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January 31, 2002


The opinion of the court was delivered by: William T. Hart, United States District Judge.


This case involves promotions within the Chicago Police Department ("CPD") and allegations that White police officers were discriminated against in the process. The promotions at issue were to the rank of sergeant and occurred from December 1988 through September 1991. It is undisputed that defendant City of Chicago "standardized" the examination scores of African-American and Hispanic candidates in a manner favorable to those candidates and that it also promoted Hispanic candidates out of the rank order that resulted from the standardization. See generally Petit v. City of Chicago, 31 F. Supp.2d 604 (N.D. Ill. 1998).

This case has been on trial since January 15, 2002 and closing arguments are scheduled to begin the morning of January 31, 2002. In its proposed jury instructions filed with the final pretrial order, defendant requested that the jury be asked to resolve underlying factual issues only and respond in the form of special verdicts. See Fed.R.Civ.P. 49(a). In light of the jury's findings, the court would then rule on the issues of whether a strong basis in the evidence supported that defendant had a compelling interest for standardizing the examination and promoting Hispanics out of rank order and whether such preferences were narrowly tailored. The format requested by defendant is similar to that followed in a case concerning CPD detective promotions during the same time period. See generally Majeske v. City of Chicago, 29 F. Supp.2d 872 (N.D. Ill. 1998) ("Majeske I"), aff'd, 218 F.3d 816 (7th Cir. 2000) ("Majeske II"), cert. denied, 531 U.S. 1079 (2001). In Majeske, the parties apparently agreed to this procedure. See Majeske I, 29 F. Supp.2d at 875. Majeske II contains no express discussion of any objection to this procedure.*fn1 In their proposed jury instructions in the present case, however, plaintiffs did not request the same format nor do they presently request such a format. Plaintiffs instead proposed that the jury respond to questions reaching the merits of the claims, not just the underlying facts.*fn2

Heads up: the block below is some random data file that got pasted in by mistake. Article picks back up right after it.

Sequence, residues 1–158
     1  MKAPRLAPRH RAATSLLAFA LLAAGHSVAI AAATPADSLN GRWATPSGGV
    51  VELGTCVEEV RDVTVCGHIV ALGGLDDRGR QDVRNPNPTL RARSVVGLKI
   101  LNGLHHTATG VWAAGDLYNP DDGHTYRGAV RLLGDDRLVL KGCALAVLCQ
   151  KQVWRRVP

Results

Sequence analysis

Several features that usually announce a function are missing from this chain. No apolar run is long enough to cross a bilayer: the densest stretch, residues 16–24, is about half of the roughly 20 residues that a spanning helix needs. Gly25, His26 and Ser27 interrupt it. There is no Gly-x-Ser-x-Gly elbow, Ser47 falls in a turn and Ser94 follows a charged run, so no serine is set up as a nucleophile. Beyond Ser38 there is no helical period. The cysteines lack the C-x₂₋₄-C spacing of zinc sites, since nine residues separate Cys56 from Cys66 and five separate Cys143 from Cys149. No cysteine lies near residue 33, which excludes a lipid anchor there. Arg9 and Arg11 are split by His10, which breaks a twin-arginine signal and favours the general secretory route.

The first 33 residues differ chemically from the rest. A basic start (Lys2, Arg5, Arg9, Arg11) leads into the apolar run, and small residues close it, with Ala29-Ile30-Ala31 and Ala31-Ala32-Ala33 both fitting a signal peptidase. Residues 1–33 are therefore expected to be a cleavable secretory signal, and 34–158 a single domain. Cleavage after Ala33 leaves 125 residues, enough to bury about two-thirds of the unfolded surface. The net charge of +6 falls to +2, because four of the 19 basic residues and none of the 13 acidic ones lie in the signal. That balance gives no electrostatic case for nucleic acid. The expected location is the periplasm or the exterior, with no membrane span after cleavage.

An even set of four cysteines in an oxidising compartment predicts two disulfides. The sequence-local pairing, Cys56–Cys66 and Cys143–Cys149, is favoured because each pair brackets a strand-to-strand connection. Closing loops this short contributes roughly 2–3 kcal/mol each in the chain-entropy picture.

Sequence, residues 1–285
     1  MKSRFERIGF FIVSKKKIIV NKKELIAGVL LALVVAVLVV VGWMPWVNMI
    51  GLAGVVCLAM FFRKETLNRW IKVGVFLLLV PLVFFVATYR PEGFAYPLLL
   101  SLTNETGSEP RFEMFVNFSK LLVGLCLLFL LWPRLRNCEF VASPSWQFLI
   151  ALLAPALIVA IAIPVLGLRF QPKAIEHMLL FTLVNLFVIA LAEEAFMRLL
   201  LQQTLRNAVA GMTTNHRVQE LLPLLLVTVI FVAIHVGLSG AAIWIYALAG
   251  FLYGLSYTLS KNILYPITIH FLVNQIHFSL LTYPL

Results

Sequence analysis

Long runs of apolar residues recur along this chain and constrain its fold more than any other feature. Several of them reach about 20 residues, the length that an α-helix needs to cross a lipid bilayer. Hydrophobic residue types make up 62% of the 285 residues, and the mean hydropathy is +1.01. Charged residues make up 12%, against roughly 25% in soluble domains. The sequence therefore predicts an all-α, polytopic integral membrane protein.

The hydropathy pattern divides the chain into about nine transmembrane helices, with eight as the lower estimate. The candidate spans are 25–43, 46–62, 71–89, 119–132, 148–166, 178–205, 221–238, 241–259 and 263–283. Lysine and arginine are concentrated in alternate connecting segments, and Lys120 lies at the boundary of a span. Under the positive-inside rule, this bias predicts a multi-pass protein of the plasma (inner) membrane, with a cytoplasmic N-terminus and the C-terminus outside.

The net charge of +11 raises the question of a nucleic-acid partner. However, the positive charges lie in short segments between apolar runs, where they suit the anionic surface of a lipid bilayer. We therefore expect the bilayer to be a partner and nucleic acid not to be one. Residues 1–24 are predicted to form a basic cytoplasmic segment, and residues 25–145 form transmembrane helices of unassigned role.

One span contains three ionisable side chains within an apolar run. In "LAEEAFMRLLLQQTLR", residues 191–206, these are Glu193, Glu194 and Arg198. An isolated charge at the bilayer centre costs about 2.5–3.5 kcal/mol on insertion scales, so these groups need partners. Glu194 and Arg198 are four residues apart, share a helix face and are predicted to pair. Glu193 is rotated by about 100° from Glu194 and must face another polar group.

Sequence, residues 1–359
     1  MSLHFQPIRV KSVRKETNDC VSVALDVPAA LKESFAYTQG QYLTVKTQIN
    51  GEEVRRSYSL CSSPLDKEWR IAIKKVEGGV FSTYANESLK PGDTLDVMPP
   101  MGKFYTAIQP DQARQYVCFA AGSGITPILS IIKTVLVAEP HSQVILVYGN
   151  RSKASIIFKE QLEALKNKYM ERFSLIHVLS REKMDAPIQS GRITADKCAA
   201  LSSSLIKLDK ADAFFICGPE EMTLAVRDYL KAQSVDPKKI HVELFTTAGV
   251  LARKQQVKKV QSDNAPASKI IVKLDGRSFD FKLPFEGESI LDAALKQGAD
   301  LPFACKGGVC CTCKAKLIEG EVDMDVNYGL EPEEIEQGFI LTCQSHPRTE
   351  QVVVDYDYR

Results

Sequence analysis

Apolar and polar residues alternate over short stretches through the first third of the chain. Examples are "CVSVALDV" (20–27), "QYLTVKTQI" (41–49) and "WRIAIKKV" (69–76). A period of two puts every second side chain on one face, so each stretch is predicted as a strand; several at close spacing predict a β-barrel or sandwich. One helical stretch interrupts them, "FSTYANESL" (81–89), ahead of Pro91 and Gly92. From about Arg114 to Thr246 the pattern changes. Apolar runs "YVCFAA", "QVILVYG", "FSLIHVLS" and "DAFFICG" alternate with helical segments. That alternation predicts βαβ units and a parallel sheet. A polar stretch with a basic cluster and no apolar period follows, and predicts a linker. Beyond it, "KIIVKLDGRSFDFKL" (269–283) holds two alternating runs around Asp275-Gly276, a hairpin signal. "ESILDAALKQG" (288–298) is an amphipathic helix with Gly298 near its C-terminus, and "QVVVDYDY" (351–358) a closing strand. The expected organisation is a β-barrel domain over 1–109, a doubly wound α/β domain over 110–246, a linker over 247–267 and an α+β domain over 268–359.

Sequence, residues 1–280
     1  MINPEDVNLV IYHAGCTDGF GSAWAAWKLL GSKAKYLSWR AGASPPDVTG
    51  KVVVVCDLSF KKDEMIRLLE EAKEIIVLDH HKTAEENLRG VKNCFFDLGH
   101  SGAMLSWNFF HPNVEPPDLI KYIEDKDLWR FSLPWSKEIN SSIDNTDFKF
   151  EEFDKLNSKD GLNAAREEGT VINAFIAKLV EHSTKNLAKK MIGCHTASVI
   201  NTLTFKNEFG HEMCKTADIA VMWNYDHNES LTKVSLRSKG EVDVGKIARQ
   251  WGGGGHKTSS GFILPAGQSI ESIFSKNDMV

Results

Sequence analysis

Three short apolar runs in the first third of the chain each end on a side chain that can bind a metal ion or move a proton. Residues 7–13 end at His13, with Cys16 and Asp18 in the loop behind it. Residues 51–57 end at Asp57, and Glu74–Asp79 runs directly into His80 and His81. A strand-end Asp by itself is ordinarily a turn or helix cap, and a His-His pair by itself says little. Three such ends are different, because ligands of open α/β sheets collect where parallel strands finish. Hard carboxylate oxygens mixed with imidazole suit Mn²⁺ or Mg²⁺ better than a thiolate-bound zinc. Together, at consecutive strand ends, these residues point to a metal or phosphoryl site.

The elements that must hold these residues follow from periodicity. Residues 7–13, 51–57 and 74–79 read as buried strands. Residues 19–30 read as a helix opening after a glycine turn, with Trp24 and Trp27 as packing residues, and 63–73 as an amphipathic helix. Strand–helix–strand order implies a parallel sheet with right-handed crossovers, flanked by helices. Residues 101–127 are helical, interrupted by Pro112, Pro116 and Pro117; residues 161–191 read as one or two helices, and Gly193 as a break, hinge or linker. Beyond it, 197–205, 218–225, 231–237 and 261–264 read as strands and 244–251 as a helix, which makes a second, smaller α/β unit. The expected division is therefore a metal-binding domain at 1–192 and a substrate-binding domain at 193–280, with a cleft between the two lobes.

After considering the parties' proposals, the court drafted jury instructions which provided that the jury would resolve the ultimate issues of whether there was a strong basis in the evidence to support a compelling interest and, if so, if the preferential treatment was narrowly tailored. The court's draft instructions were provided to the parties on the day before the trial began and the parties were granted until January 22, 2002 to file written objections. Defendant thereafter raised objections that the Majeske-type procedure was required. In light of both sides' written objections, on January 28, the court provided the parties with a revised version of the instructions. The court did not revise the basic format of having the jury resolve the compelling interest and narrowly tailored issues. On January 29, the parties formally placed their objections on the record. Defendant again raised its objection to the format and the court stated its reasons for not modifying the format. On January 30, defendant filed a written motion again objecting to the format. Today's opinion again denies defendant's requested special verdict format.

The City contends that case law requires that the court, not the jury, decide the legal issues of compelling interest and narrow tailoring. It further contends that, even if the court subsequently treats the jury's verdict as advisory and thereby makes the ultimate determination of compelling interest and narrow tailoring, defendant will have been deprived of its right to have the jury decide the underlying factual issues. For its contention that the court must be the one to determine compelling interests and narrow tailoring, defendant primarily relies on the following passage from Majeske II.

Whether there is enough evidence to support a finding of a compelling governmental interest and thereby justify a race-conscious action is a question of law that we review de novo. Contractors Ass'n of Eastern Pa., [Inc. v. City of Philadelphial, 91 F.3d [586,] 596 [(3d Cir. 1996)]; Concrete Works of Colorado, [Inc. v. City & Cty. of Denver], 36 F.3d [1513,] 1522 [(10th Cir. 1994)]. Similarly, we apply plenary review to the issue of whether the City's affirmative action plan was narrowly tailored. Contractors Ass'n of Eastern Pa., 91 F.3d at 596. Finally, since the City prevailed at trial, we will view the facts in the light most favorable to the City and draw all reasonable inferences in its favor. See McNamara [v. City of Chicago], 138 F.3d [1219,] 1223 [(7th Cir. 1998)].

Majeske II, 218 F.3d at 820.